On our way to the bus station, we stopped by G and R's auction place. Two major estates had just come in, and they were busy cataloguing marble busts, iron fretwork, lamps, clocks, pottery, an old-fashioned crib, a polished canoe, and other such remnants for the auction next weekend. We all admired the paintings of a local artist who, through the permutations of style, kept a colorist's eye. She was much better than the local artists that I saw displayed in the front gallery of the Woodstock Museum. After leaving G and R, we had lunch, at T's suggestion, at an old-styled diner. Built like a railway dining car, the restaurant had a sense of its own history, summarized on the cover of the menu. That sense was unfussy, however, and the food was fast and cheap.
Sunday evening we met A and D for drinks at the Rocking Horse Cafe in Chelsea, the same restaurant where we exchanged email addresses and phone numbers. The conversation proceeded in typical American style--rapid exchanges of information and anecdotes with little space for questions and thinking--and I took a while to get a word in. A works with electron microscopes in his art and with a big hospital in his day job. D works in IT and is between jobs. We walked over to the Gansevoort Hotel and had more drinks on the rooftop. It was a gayish party, with many women swanning around. We split after an hour or so, and GH and I went dancing in the Greenhouse. A cute Asian boy came up to me, and I could not place his familiar face. It was P.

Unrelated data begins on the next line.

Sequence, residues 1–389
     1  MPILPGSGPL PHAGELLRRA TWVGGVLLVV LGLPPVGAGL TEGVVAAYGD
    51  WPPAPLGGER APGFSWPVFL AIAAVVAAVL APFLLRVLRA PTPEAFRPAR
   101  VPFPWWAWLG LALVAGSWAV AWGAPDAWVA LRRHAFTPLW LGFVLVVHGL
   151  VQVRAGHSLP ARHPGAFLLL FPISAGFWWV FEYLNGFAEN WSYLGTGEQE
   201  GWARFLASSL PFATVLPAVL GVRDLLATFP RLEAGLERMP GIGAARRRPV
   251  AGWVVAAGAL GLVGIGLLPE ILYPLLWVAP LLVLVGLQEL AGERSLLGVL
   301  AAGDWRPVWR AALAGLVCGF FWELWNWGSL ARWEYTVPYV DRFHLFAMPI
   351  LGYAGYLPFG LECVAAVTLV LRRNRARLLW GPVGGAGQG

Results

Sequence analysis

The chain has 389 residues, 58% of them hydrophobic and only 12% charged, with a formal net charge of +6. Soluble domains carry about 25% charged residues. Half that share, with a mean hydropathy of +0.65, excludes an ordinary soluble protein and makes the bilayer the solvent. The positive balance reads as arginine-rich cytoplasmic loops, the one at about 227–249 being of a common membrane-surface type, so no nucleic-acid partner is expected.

On Independence Day, we took the one-and-a-half hour train and bus ride to Jacob Riis Park. The park was named after a photographer famous for shooting slums. The beach was no slum, but big abandoned buildings gave it a forsaken atmosphere. We walked to Bay 1 where the gay and the nude congregate. A party of Latinos celebrated the seventh anniversary of Carlo and his man. Their boom box broadcast their cheerfulness. The day was hotter and sunnier than the weatherman had predicted. We were both slightly burned. All the talk about sun block lotion did not help us. I stubbed my big toe while walking and looking at the lifeguards. Favoring it, I felt the other parts of my sole getting sore, unused to the additional pressure. GH and I liked the beach a lot, and will return to it.
In the evening, it was TH's July 4th party, in his apartment in Hell's Kitchen. A's family was there, and many of their gay friends. It was lovely to see WL and M, and then J and P. P and I had a nice conversation about his mentorship of a student in a Bronx high school. I tried to draw out a few other people, but their shyness or shallowness made the effort futile. The fireworks was spectacular, and GH enjoyed the view over the Hudson very much. No open field, barbecue or watermelon, but a high-rise, fried noodles and skewered fruit capped a very pleasant July 4 weekend in New York.